Great analytics is about getting the storytelling right for the users. And if your users are not analytical by nature, they may need additional commentary to understand your dashboards. Without context, it's just another report that your consumers won’t read and don't want. Without contextual framing, it's more challenging to make an informed decision about a topic. People are left scratching their heads as they try to figure out what it all means when trying to interpret visual dashboards.

The problem is in the design of most dashboard visualization software tools today. They too often require users to upload and then connect to a data source, create the dashboard, and then snip the dashboard out of the tool, and pull it into yet another technology (often PowerPoint®) to type up the narrative to complete the story. That point of disconnect is where your extra work begins. It's also where data security goes down the tubes and most IT departments are left with a tool that "just doesn't complete the needs of our audience," as I recently heard in a customer meeting. 

Dashboard users are left having to settle for clumsy workarounds for data visualizations like charts and tables, where they are exported and then imported (or snipped, copied, and then pasted) into end-of-line reporting. This confusing process creates unnecessary complexity and wastes time and effort in a mostly human-work dominant process.  

When a company grows and expands or enters a period of change that is laden with risk, there is often more significant pressure to deliver quickly and move fast. Speed and need favors reducing complexity, not compounding it. If you’re seeing this problem today, don't continue to ignore these flaws in your analytics process—many of them can be quite detrimental to your long-term productivity.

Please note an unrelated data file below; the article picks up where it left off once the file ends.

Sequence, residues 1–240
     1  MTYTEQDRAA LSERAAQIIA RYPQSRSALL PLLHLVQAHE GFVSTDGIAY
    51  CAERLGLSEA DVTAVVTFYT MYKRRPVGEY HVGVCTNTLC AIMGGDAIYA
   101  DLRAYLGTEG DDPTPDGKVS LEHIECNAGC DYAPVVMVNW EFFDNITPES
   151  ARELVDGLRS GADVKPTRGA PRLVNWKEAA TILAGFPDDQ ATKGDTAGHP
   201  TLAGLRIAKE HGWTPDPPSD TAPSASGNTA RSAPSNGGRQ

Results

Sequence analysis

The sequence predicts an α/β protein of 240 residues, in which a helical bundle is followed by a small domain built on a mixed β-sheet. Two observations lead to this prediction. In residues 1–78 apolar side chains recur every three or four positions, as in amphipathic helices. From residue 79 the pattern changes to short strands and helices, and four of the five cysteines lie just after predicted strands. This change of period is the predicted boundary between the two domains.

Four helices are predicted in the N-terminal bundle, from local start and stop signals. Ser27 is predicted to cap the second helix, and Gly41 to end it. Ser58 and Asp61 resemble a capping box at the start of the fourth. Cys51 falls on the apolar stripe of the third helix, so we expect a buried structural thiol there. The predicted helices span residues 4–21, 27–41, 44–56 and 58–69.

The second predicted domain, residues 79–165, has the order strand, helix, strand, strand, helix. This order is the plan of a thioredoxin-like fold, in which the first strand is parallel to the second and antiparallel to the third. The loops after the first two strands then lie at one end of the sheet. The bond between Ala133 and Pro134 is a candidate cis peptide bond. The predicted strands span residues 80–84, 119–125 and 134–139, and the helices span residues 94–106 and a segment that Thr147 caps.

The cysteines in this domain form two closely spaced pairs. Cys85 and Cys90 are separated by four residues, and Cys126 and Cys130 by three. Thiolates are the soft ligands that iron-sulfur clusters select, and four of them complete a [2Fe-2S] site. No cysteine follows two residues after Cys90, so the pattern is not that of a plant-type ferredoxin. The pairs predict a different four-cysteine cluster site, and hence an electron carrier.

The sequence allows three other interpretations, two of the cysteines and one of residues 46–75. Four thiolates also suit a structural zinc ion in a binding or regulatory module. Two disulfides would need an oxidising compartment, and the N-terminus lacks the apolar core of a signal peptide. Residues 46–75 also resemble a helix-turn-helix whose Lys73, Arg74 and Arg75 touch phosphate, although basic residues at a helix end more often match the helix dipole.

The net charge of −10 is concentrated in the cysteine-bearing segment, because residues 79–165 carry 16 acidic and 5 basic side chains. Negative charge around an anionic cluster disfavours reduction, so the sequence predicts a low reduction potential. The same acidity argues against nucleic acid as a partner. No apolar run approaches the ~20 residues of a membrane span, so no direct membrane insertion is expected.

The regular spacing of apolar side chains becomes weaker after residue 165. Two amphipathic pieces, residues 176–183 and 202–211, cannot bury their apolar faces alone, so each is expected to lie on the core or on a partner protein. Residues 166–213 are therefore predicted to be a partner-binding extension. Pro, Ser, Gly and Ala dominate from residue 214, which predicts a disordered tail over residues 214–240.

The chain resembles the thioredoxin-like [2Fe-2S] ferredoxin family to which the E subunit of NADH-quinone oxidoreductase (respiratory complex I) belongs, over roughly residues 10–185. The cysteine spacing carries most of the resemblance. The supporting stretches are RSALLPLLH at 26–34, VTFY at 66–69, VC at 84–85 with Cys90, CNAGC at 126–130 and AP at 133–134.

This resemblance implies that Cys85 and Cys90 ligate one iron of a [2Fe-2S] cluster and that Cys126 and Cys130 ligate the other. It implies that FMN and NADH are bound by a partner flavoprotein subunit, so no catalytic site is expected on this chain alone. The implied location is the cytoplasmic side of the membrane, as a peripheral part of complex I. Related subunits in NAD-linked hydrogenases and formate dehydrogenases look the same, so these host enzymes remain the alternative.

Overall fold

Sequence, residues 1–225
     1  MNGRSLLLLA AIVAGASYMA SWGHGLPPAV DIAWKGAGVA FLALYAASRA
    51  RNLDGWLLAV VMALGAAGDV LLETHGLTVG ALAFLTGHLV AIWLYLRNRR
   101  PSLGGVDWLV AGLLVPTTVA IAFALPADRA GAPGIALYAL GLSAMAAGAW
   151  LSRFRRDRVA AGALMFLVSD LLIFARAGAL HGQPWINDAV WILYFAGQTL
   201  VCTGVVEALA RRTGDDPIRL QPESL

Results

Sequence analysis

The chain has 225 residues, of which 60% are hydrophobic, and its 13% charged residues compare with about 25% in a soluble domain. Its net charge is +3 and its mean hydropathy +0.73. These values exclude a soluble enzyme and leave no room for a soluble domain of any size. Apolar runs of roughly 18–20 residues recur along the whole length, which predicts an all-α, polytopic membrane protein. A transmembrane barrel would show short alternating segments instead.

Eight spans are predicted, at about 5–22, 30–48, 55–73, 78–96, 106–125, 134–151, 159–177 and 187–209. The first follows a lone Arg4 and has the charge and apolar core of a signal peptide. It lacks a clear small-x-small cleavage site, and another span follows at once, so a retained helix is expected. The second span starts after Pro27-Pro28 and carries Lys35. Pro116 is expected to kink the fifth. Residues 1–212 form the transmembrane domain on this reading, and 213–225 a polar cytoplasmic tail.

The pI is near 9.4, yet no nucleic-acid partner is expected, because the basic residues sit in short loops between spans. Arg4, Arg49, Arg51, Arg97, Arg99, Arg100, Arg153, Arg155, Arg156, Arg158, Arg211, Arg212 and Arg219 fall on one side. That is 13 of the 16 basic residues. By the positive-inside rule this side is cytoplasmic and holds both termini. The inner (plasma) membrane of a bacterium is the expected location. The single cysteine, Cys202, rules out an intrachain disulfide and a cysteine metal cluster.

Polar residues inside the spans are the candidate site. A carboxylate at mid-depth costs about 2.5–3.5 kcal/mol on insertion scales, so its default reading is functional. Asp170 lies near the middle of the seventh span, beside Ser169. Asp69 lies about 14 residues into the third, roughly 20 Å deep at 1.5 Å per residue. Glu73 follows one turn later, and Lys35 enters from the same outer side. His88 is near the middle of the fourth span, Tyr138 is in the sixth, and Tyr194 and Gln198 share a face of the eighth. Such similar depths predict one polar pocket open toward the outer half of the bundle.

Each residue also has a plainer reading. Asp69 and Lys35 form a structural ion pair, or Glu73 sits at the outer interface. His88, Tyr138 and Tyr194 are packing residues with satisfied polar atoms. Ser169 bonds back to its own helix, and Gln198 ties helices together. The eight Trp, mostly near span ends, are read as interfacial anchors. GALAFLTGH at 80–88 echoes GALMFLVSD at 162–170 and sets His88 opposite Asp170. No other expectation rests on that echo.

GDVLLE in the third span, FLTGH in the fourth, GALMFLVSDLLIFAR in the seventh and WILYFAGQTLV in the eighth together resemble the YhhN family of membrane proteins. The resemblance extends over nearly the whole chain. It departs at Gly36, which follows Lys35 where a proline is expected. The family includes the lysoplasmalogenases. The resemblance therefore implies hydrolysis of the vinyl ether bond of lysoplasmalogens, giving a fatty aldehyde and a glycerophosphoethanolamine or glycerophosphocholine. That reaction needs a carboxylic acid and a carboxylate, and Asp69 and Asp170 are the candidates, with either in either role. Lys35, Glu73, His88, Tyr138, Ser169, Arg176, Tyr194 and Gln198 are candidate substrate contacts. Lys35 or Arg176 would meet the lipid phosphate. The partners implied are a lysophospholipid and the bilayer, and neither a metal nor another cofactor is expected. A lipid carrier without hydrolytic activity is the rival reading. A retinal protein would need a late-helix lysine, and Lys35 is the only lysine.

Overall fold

Connected reporting can help you to create a better future

If there is a positive outcome from the pressures of 2020, it's that being forced to adapt finally allowed the status quo to be challenged. Many people now have the proof needed to demonstrate to their leadership teams that they can finally break free from poor processes and trade up for more connected and complete analytical platforms. Workers can more efficiently serve their organization's strategic intent while also providing the day-to-day data needs for frontline workers who create analytics and intelligence.

In the future, analytical simplicity and connected truth become a central and critical component of how any organization would make their best decisions—acting upon these insights with full trust in their data, using connected charts and creative stories, and allowing employees to dedicate more of their efforts to analysis and other value-added tasks.

Yes, the new world will involve some labor pains to introduce this new existence. But be excited! Because with better, more connected, and trustworthy intelligence, we'll be able to contend with the limitations of material resources we have to use while revisioning what we need to cultivate more of and what we need to shed.

Cheers to innovation in 2021! 

To learn more about how connected data is at the forefront of the analytics revolution, join us for a free webinar: Connect It! From Data Origins to Repeatable Reports and Dashboards.

Have a report or a process that you want help with? Check out our Connect-it Challenge, where you can bring us your most complicated, most disconnected report to see how we can turn it into connected intelligence. 

PowerPoint is a registered trademark of Microsoft Corporation in the United States and/or other countries.